Testing and Evaluating a Spinal Cord Injury Self-Management Program: A Pilot Study

2.50
Hdl Handle:
http://hdl.handle.net/10755/602042
Category:
Full-text
Format:
Text-based Document
Type:
Poster
Level of Evidence:
Quasi-Experimental Study, Other
Title:
Testing and Evaluating a Spinal Cord Injury Self-Management Program: A Pilot Study
Author(s):
Chen, Hsiao-Yu
Lead Author STTI Affiliation:
Lambda Beta-at-Large
Author Details:
Hsiao-Yu Chen, RN, hychen64@nutc.edu.tw
Abstract:
Session presented on Saturday, July 25, 2015: Purpose: Aims and objectives: The aim of this study was to test and evaluate the usefulness of a spinal cord injury (SCI) self-management program.Background: SCI causes severe disability, leading to substantial complications for the rest of life. The long-term care needs of patients with SCI are a series of dynamic processes for rebuilding life and include physical care and complication prevention, life planning, social support, determining the value of existence, and sexual satisfaction.Methods: The pilot study had a quasiexperimental pretest'posttest design. Eligible participants were recruited from the Spinal Injury Association in Taiwan. All data were collected between March and May 2014. The self-management program was developed on the basis of a quality study that focused on the perceptions and experiences of patients with SCI regarding their long-term care needs. All participants were evaluated using instruments for collecting personal information and assessing self-efficacy and health status as well as indicators at the baseline and 5 weeks after a home visit intervention. The study was approved by an ethical review board (cRREC-101-019). 'Results: A total of 9 participants, 8 men and 1 woman, participated in this pilot study; the average age was 44 years and the average number of months since injury was 31.33 ('11.85). Most of the patients (44.4%) were injured in road accidents. The study results showed that the range of their score on the self-efficacy scale was 62.22'68.56 and that on the health status scale was 2.89'3.00 (from 1, not healthy, to 5, very healthy). However, no statistically significant differences were observed between the pretest and posttest scores regarding the self-efficacy and the health status. Moreover, the mean was 3.7 (from 1, not useful, to 5, very useful) on the participants' perception of the usefulness of the program.Conclusion: The study tested and evaluated the usefulness of a self-management program for patients with SCI. The results showed no difference between the pretest and posttest scores. Therefore, a longitudinal study in which all participants are evaluated using instruments for collecting personal information and assessing self-efficacy and health status as well as indicators at the baseline and 3 and 6 months must be conducted. '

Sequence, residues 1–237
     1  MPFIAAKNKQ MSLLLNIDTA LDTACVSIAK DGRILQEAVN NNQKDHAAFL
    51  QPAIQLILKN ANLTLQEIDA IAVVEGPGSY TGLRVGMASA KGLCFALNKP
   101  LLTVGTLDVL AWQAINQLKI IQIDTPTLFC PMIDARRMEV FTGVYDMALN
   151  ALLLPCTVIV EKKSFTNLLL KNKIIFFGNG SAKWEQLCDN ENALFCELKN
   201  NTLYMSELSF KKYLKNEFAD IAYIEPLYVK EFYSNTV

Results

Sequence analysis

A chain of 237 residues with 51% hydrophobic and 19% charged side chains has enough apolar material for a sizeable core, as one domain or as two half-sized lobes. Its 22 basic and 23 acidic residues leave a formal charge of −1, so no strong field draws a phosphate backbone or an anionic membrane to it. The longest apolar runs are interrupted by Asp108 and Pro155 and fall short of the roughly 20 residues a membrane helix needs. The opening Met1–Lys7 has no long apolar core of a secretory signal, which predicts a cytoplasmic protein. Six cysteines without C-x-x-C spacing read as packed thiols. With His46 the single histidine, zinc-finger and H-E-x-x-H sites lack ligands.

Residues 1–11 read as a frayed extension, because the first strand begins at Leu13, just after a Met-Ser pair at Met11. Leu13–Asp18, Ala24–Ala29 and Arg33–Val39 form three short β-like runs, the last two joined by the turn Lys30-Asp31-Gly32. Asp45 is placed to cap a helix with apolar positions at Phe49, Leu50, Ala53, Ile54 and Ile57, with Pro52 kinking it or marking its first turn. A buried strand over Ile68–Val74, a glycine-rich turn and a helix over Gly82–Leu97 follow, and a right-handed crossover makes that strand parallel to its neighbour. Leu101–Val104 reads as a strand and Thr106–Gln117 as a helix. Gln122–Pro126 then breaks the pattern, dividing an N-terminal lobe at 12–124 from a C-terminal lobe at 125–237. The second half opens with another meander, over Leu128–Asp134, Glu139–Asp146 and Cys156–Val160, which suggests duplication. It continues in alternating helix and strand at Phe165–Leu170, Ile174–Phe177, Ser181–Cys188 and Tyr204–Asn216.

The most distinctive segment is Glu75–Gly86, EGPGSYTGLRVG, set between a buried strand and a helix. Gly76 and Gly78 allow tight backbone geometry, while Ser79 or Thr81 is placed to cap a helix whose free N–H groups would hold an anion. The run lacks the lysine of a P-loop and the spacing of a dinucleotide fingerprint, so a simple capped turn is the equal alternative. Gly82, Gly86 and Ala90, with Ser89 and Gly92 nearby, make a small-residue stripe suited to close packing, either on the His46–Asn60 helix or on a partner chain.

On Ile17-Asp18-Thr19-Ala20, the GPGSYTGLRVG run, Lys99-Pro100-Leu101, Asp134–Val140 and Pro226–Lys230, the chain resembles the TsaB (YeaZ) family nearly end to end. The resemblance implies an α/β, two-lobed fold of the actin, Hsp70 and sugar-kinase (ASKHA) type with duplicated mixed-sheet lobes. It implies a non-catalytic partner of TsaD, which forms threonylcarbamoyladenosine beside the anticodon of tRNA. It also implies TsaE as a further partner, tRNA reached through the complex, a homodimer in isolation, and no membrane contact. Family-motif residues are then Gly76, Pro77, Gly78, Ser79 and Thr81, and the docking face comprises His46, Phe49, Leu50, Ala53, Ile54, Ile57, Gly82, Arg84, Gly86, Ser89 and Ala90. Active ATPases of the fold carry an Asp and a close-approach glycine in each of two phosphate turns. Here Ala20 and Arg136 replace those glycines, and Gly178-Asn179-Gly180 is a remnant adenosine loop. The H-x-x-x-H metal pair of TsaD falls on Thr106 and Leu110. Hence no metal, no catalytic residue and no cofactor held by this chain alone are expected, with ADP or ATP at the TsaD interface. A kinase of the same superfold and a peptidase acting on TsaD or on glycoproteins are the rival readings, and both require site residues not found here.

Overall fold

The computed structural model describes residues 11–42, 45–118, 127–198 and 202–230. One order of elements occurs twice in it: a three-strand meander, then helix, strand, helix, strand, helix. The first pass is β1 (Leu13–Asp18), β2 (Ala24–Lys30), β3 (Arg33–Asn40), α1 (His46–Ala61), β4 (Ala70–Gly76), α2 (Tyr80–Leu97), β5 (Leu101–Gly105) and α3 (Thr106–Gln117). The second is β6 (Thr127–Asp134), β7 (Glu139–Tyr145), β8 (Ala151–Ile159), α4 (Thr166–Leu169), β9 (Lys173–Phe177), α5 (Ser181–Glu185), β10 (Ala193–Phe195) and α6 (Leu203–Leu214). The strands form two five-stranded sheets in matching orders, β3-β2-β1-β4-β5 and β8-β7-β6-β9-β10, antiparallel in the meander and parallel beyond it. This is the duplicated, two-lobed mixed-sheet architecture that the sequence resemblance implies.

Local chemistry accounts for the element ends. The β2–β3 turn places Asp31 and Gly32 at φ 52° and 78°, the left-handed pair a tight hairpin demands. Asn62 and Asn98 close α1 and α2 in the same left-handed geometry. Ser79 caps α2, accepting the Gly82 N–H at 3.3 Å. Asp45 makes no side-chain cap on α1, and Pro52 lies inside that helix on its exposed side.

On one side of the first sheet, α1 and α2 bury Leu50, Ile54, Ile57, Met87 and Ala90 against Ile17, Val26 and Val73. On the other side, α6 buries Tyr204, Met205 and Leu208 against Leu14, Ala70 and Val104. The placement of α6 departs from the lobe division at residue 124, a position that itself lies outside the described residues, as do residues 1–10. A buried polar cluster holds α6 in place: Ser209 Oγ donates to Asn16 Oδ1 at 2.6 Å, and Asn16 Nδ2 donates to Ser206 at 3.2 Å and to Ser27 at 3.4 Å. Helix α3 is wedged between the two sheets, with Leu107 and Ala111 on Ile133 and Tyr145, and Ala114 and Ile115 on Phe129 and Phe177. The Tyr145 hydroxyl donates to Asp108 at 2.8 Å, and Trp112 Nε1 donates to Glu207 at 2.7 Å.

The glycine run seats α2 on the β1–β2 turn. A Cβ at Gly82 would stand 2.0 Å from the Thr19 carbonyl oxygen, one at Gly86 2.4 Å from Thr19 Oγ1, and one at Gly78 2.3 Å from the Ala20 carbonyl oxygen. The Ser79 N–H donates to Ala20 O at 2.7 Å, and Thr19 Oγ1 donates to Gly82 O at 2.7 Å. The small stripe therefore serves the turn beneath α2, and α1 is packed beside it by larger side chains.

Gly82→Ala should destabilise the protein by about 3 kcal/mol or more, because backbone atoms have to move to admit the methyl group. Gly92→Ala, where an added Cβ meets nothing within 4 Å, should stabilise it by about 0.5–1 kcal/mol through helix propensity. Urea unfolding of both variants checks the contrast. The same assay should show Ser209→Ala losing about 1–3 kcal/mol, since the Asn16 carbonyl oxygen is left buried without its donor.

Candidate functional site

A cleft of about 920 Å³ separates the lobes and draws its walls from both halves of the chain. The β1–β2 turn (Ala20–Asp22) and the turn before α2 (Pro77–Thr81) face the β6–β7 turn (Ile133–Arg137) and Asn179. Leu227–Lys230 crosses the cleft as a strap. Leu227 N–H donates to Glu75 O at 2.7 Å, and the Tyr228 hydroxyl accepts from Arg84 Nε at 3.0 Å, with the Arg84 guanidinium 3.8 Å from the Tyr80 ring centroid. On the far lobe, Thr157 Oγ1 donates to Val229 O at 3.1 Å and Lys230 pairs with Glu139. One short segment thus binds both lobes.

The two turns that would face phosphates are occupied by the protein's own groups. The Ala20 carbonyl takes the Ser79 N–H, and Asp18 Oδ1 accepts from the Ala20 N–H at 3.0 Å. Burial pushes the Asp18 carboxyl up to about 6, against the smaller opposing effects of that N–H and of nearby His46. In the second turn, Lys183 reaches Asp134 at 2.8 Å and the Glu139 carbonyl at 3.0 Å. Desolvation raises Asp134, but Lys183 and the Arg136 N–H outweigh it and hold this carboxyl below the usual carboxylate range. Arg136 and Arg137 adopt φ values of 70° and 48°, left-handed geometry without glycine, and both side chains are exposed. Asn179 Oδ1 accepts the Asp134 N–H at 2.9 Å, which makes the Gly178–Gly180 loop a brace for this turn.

Keywords:
spinal cord injury; self-management; quasiexperimental study
MeSH:
Self Care
CINAHL Headings:
Spinal�Cord�Injuries--Rehabilitation
Repository Posting Date:
17-Mar-2016
Date of Publication:
17-Mar-2016 ; 17-Mar-2016
Other Identifiers:
INRC15PST231
Conference Date:
2015
Conference Name:
26th International Nursing Research Congress
Conference Host:
Sigma Theta Tau International, the Honor Society of Nursing
Conference Location:
San Juan, Puerto Rico
Description:
Research Congress 2015 Theme: Question Locally, Engage Regionally, Apply Globally. Held at the Puerto Rico Convention Center.

Full metadata record

DC FieldValue Language
dc.language.isoenen